The second motivation behind the project was to explore and “explode”, accelerate, force the way the role of the electronic performer in front of an audience; move from a state of emulation (having the electronic performer act as an electronic version of a traditional instrumentalist, what I sometimes describe as the 'one finger percussionist'), where all you have to do is be 'on time' to trigger the 'next' instruction, towards role where the uniqueness of the setup can be explored, and presented. Seeking an analogy in the traditional musical roles, perhaps the conductor is the one that shares similar responsibilities: be able to control, transform, balance and regulate the sounding contributions of others.

The idea of creating a system that is not fully automatised comes from the need to preserve the human performative aspect as a central component of the network. This has the secondary feature: to be able to interact with other improvisers, other traditional musicians, and find a way to give them an environment, where, although called to interact from their strength and expertise as musicians, they would find novel challenges, challenges that they wouldn't find in more traditional improvisatory setups. To make this possible, the incorporation of a telematic component on every Timbre Networks performance is essential: it allows us to test the displacement between physical actions and sonic manifestation, a natural feature of the musical system for electronic performers, but not a common place for traditional instrumentalists. 

Our goal was to create an environment for improvisers, something driven by the gathered information of previous performances. In the world of big, messy data, the goal is how to find the right funnel to identify salients, and commonalities. From a sociological perspective, we can consider myths as some sort of data science of experiences: A tribe accumulates generations of survival which accumulates into 'big data' and these survival experiences need to be stored and disseminated in a way that can help the survival of future generations. Myths therefore become the first data science.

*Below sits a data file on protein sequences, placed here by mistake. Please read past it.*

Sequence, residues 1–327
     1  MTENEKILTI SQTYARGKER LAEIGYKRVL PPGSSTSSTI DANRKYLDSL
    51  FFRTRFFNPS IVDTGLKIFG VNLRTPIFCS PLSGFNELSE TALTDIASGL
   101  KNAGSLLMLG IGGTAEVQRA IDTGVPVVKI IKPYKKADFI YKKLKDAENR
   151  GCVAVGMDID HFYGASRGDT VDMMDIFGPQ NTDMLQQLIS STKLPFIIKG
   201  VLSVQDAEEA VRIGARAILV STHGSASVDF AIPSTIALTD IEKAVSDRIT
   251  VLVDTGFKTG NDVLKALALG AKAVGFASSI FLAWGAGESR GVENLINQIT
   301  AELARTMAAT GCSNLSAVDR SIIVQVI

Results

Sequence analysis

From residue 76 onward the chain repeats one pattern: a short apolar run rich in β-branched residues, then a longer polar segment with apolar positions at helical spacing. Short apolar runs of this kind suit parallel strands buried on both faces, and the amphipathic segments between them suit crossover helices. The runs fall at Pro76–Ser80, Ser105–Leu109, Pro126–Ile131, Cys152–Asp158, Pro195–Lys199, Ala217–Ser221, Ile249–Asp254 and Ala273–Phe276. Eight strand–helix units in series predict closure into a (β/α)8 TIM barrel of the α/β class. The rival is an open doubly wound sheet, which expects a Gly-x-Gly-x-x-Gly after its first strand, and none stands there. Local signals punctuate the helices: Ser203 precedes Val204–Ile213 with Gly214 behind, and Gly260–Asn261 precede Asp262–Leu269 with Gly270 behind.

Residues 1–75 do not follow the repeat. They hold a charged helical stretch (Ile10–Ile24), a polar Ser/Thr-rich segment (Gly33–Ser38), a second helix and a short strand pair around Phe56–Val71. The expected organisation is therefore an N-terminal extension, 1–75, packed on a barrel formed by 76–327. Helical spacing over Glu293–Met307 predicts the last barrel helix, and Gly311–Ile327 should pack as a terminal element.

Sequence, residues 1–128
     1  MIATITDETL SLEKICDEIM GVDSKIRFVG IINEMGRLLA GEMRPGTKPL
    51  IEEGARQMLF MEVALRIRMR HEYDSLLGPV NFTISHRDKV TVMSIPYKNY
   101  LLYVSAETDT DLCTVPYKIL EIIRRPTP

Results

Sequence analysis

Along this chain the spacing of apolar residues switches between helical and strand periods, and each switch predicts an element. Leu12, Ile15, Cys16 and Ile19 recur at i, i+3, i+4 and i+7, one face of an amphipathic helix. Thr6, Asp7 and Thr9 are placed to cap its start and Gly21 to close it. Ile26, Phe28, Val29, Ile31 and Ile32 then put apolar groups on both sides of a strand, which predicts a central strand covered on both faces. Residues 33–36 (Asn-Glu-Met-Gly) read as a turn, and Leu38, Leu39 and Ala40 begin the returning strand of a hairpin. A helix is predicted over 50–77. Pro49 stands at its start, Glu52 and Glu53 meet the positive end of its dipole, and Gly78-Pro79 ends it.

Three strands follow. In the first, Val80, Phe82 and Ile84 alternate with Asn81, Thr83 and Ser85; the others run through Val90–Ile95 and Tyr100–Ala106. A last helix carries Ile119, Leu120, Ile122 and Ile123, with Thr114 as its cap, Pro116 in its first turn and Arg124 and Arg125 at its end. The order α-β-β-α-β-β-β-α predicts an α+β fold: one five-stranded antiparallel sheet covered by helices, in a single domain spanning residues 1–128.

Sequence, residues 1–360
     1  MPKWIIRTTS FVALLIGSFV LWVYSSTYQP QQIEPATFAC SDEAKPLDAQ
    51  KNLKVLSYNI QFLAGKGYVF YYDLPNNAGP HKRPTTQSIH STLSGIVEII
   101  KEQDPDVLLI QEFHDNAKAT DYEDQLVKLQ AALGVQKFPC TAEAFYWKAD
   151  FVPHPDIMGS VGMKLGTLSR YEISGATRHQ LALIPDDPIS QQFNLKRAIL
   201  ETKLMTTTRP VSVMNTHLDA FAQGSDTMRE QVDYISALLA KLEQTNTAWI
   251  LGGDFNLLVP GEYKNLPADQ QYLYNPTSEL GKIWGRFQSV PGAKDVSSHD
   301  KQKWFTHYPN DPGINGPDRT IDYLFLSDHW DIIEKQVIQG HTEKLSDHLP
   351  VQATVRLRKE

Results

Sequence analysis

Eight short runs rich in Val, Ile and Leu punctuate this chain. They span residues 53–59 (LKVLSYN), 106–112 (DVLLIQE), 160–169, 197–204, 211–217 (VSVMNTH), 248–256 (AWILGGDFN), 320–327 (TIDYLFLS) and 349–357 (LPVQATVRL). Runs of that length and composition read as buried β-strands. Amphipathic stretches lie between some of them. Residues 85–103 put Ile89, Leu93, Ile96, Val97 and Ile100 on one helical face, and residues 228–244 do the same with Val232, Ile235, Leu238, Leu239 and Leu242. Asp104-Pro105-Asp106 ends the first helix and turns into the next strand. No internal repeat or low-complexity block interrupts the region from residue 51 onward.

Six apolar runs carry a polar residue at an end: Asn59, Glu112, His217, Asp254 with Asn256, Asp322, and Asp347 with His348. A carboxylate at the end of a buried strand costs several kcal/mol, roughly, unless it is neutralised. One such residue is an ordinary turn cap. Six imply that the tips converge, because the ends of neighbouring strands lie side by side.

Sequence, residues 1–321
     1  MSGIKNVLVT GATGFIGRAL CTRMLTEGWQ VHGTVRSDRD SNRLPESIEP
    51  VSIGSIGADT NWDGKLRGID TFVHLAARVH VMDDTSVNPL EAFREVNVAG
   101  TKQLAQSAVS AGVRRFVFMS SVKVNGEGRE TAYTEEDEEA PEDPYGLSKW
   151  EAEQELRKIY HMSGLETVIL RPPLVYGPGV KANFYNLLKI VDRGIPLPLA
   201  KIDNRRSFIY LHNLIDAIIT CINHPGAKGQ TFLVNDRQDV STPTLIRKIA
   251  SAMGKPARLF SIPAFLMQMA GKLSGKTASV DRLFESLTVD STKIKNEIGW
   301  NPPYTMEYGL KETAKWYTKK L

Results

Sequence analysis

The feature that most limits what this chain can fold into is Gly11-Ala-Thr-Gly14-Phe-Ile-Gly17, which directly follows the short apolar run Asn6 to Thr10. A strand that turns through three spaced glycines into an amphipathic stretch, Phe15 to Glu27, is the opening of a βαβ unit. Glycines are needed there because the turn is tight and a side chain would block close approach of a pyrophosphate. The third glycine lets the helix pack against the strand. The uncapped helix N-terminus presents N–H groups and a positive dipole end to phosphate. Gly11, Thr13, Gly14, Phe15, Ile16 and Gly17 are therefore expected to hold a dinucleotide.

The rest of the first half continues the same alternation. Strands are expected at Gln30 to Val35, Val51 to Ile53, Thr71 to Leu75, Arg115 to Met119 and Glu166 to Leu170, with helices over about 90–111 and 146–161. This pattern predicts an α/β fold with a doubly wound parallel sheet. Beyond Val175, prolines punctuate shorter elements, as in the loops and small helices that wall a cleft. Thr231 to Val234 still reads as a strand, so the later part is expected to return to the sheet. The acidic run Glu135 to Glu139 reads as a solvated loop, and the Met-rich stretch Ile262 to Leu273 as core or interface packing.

So how can we build a summarised version, a “myth” of our Timbre Network for current and future improvisers to interact with? We put improvisers to play with the system, and we seek ways for the system to learn and preserve the good  things for the future, so the system can guide future improvisers.

The way the system accumulates the previous experiences and performances 

How to implement this “collective memory”, not as much to create a collective guide, but rather, to allow the system to create its own layer of positive 'confusion' towards the performer as a way to increase the challenge for the traditional improvisers that 'enter' this musical space: They would hear instrumental sounds, electronic sounds behaving as controlled by traditional instruments, but actually, what is happening is that each telematic component of every previous performance is stored in the system and used as control information for future performances. Therefore, there are a few 'ghosts of performances past' serving two functions on each iteration: Over time, it has served as a gradual automatisation of the system, taking away some control from the hands of the electronic performer of the system, coming from the “emulation” metaphor (triggering events, activating cues. Controlling the spatialisation of the sources) opening the challenge of redefining the role of the performer of such system into more exploratory, improvisatory, creative tasks.

Network diagram

Architecture of the system